Dos and Don’ts in Myanmar
As I said in my article about Responsible Photography, there are many things in Myanmar that will catch your attention: men wearing skirt (longyi), women with the yellow thanaka make-up, locals doing the laundry or bathing in the river, monks meditating or asking for alms, and more.
It is very important to respect their culture and traditions but sometimes we don’t know what is ok or not ok.
Myanmar Tourism Federation, Ministry of Hotels and Tourism, Hanns Seidel Foundation and Tourism Transparency have put together a very useful guide with funny cartoons from different local cartoonists to show tourists about Myanmar culture and customs. Here are some of them with my comments:
You’ll see a lot of these showers. Please don’t take out your camera. I have to admit curiosity is huge and it’s difficult not to look but your camera is another level of not respecting their privacy.
Smile and say hello. Myanmar people will touch your heart with their warmth and sincerity, their kindness and generosity. One of my favourite moments is when I go to a teashop and meet locals. They are so friendly and very curious of what you are going to order and why you are visiting their country. The minimum opportunity they’ll have to talk to you, they will and although the language is usually a barrier, sometimes just with smile and gestures is enough to have the highlight of your day. Please learn a few words in Burmese, they LOVE hearing you trying to speak their language and really appreciate your effort to immerse yourself into their culture.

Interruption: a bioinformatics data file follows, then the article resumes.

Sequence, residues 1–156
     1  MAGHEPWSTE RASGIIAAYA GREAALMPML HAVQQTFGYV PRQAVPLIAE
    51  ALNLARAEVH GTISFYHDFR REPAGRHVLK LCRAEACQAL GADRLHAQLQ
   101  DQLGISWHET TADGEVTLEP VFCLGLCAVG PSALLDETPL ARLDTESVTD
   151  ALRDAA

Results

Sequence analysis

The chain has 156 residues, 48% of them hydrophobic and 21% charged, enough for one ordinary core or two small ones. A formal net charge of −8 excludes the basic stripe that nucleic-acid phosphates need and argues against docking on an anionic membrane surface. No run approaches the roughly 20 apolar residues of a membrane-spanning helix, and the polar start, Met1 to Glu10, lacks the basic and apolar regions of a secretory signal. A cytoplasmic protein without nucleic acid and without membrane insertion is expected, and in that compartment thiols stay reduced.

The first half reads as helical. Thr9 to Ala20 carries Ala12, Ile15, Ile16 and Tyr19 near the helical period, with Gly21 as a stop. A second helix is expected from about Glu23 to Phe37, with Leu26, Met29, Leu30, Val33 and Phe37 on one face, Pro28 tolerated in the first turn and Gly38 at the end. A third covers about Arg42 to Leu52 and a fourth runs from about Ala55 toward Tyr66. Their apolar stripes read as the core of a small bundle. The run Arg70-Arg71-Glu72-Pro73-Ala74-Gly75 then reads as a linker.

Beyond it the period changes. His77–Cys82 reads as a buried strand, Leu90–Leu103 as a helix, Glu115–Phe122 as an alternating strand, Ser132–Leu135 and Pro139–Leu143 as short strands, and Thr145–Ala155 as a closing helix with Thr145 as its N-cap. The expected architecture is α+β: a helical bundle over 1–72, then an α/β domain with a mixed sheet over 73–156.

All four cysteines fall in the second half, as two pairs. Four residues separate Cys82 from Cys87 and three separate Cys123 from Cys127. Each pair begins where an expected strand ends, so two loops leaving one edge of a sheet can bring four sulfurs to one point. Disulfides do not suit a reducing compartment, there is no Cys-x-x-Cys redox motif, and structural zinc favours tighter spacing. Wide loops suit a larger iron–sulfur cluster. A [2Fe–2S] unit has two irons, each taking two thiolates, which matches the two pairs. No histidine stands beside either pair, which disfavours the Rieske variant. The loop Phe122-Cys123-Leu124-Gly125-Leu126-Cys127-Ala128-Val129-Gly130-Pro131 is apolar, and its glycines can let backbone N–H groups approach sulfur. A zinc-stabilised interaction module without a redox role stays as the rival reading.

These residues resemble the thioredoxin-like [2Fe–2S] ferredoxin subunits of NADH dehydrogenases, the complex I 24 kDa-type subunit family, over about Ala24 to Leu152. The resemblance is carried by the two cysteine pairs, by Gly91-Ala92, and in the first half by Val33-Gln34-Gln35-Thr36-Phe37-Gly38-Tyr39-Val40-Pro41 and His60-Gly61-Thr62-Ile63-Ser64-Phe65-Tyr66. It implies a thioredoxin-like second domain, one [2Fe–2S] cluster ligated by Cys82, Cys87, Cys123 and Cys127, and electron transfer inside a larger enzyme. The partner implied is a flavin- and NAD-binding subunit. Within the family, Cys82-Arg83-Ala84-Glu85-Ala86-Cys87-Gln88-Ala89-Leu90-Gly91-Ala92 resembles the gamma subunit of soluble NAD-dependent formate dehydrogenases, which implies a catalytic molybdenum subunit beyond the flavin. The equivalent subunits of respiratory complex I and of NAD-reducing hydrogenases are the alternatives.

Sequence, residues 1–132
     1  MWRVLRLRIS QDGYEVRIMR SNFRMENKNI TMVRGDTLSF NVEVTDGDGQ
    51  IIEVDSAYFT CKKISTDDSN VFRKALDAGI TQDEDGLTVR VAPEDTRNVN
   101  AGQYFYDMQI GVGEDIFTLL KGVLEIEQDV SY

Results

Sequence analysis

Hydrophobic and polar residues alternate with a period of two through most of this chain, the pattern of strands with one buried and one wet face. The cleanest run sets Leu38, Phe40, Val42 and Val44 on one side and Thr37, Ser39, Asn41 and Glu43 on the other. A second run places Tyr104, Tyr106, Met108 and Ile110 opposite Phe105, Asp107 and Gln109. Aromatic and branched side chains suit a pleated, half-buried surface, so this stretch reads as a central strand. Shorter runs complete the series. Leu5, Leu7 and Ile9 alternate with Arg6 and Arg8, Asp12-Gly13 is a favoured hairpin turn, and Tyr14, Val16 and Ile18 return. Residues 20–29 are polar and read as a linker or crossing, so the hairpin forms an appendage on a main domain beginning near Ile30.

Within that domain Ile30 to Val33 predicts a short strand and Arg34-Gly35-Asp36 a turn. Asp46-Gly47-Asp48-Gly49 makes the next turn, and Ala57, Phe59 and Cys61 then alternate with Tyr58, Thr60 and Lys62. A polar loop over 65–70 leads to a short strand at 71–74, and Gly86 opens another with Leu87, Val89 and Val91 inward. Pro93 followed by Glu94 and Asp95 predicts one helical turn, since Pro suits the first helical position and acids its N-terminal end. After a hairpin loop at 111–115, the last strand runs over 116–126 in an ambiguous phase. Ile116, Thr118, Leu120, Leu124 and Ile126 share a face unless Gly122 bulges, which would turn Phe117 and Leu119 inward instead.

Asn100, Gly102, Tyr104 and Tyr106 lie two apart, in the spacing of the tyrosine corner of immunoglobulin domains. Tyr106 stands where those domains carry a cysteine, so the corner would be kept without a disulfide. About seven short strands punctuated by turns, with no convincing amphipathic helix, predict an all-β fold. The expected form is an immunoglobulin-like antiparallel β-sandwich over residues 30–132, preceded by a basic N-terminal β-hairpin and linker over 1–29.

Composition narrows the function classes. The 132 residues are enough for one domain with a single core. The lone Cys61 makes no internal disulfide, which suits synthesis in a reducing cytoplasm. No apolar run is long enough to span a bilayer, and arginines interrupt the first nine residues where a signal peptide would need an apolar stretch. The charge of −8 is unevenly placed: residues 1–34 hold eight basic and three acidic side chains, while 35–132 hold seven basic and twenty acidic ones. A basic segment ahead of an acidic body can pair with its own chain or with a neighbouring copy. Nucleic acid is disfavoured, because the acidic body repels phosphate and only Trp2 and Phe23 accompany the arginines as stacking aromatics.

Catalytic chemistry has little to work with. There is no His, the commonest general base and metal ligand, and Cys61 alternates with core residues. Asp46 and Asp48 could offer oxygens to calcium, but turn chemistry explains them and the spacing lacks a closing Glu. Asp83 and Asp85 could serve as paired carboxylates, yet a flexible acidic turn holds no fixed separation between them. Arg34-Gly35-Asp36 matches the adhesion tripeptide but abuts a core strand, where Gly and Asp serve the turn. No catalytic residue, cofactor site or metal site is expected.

Don’t point with your foot. It means disrespect. The same when you are in a temple and you sit facing Buddha. Your legs should not be stretched and your feet should never be out in front when sitting. Sit criss-cross or with your feet beside or behind you to show respect.
This one everybody should know but I like the cartoon. So… yes, wear decent clothes when visiting religious sites. Cover your shoulders and knees, and take off your shoes and socks when entering a pagoda area (yes, your socks too). It’s not only inside the pagoda, but also in it’s surroundings. Sometimes the floor is not very clean and you even have to walk up long stairs with monkey’s pee or pigeon’s droppings, but those are the rules. It’s easy to cover your shoulders with any cloth you have and for your knees, go ahead and buy a longyi :) If you don’t have one, they’ll have one you can borrow at the entrance of the main Pagodas.
Don’t touch anyone on the head. The head is the highest part of the body and therefore the most esteemed. The opposite happens to the feet, they are the closest to the ground and that’s why it’s disrespectful to point with them.
Women solo travellers are very safe in Myanmar. It is one of the safest countries I have lived in.
Avoid kiss in public. They don’t like it and we just have to respect their culture. So, to all romantics travelling to Myanmar… no kiss until you are back in your hotel.
Don’t disturb people praying or meditating. I know sometimes it’s the picture-perfect situation when you see a monk meditating but please, don’t do it or if you do so, go far, no flash… Also, don’t talk very loud, don’t walk just in front of them… just respect their moment.
Spread your wealth. Buy things in different stalls and shops so more people can do some business. Try different tea-shops, buy water and snacks from different shops, use trickshaws and not always taxis,…
Myanmar is a very cultural destination. You should learn about Myanmar traditional festivals and ceremonies so your experience is much better. Myanmar people are very happy and proud of their traditions and are delighted when tourists participate in their festivals.
Relax and enjoy your holidays!
For more information and full Dos and Don’ts pdf to download, check out the Dos and Don’ts for tourists official website.
If you need any help to plan your trip to Myanmar, visit Plan Your Trip or contact me. I’m happy to help you!